an active nest of the species (Mt Nahulupan, excluding Mt Mayo). This area is rugged terrain
Barangay San Rafael, Eastern Samar, 11o51’N which would consist mostly of montane forest, but
125o17’E), and recorded the threatened we can only infer its importance from our knowl-
Mindanao Bleeding-heart Gallicolumba criniger, edge of adjacent Mt Mayo.
Philippine Dwarf Kingfisher Ceyx melanurus and 11. Mt Latian complex (IBA 106). Most of the bird
Little Slaty Flycatcher Ficedula basilanica, plus the information associated with this area derives from
Data Deficient Miniature Tit Babbler D. S. Rabor’s 1966 unpublished collecting expedi-
Micromacronus leytensis (Haribon Foundation tion on Mt Tuduk in Datal-Bukay, Glan Cotabato,
1998a), although these data have yet to be although this was also the area where Gonzales
formally published. Overlays of topographic (1968) made his pioneering study of a Philippine
features, land-use patterns, vegetation cover and Eagle nest. Gonzales (1968) referred to widespread
threatened bird range maps showed much of timber-cutting near his nest in the mid-1960s; even
central Samar to be covered by continuous so, and despite its relatively small size, the block
lowland forest (the highest point being below may yet include a fair proportion of lowland forest.
Forktail 20 (2004) SHORT NOTES 127
12. Forest around Lake Lanao, including Munai/ given their size and relative isolation from human
Tambo (IBA 96) and Mt Piagayungan (IBA 98). settlements, they may be strongholds) of threatened
Munai/Tambo is presumed to hold considerable species. All areas, apart from the Zambales Mountains,
lowland forest but the Piagayungan area is are within the known range of the Critically
probably montane. Very little is known about the Endangered Philippine Eagle Pithecophaga jefferyi (see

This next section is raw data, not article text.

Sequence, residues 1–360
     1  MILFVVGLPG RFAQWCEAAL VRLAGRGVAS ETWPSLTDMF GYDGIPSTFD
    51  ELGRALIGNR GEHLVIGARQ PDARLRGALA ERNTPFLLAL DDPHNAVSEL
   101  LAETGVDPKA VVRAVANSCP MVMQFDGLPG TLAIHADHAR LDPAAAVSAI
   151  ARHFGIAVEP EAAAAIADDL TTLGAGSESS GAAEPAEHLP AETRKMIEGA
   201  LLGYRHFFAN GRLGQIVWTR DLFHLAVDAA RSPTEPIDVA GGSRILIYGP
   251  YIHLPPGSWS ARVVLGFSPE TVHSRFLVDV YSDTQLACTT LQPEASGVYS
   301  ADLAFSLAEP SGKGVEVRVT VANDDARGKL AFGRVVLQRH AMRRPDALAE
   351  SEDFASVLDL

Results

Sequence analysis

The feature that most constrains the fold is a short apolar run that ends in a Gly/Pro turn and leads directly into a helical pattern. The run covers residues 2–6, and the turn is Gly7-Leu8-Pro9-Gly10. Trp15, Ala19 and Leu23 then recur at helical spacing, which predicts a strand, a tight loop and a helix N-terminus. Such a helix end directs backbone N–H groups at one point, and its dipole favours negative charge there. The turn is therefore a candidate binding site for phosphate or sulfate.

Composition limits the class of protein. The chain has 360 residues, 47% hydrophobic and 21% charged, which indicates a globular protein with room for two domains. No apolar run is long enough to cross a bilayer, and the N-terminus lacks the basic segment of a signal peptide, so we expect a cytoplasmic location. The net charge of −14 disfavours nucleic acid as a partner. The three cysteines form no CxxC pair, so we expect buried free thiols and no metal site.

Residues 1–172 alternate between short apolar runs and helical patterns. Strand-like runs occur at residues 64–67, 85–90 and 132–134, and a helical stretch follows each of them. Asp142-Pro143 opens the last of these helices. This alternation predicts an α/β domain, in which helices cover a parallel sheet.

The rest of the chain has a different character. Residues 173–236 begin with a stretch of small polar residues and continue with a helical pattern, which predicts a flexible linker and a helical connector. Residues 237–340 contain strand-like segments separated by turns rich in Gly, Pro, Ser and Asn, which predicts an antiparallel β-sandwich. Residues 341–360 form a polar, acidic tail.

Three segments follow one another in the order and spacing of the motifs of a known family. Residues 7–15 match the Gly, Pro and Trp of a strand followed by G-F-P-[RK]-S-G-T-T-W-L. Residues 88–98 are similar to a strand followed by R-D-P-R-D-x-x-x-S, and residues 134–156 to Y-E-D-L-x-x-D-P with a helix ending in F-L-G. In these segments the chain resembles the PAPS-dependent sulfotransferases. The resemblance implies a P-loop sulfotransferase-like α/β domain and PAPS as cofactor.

faunal composition. map in Collar et al. 1999: 118), and it is greatly to be
13. The Daguma Range (including IBA 103 and part hoped that this species will prove to be present in all of
of 105). This area lies immediately north-west of them (but accepting that it is likely to be absent or
Mt Busa, Mt Parker and Mt Three Kings. Several transient in tracts above c.1,200 m). Resident and
peaks reach over 1,000 m and Mt Busa reaches visiting birdwatchers, biologists and conservationists
over 2,000 m. Lake Sebu lies on the flank of the are warmly encouraged to consider visiting these areas
mountains, but although this and the nearby to determine and report on the status of the habitats
village of Sitio Siete are popular if remote and of the biota they contain.
birdwatching sites, the area in general is very
14. The Sugarloaf–Pinukis complex (IBA 109). Most ACKNOWLEDGEMENTS
lowland forest may have been degraded through
logging and kaingin.The immediately adjacent Mt We thank A. C. Diesmos and L. R. Heaney for information used in
Pinukis, covering more than 20,000 ha, seems to this paper, B. R. Tabaranza, M. Lepiten-Tabao and G. A. Gee for
their part in the analysis in Mallari et al. (2001) so frequently used
have better forest cover (Haribon Foundation here, and a referee’s comments on the manuscript.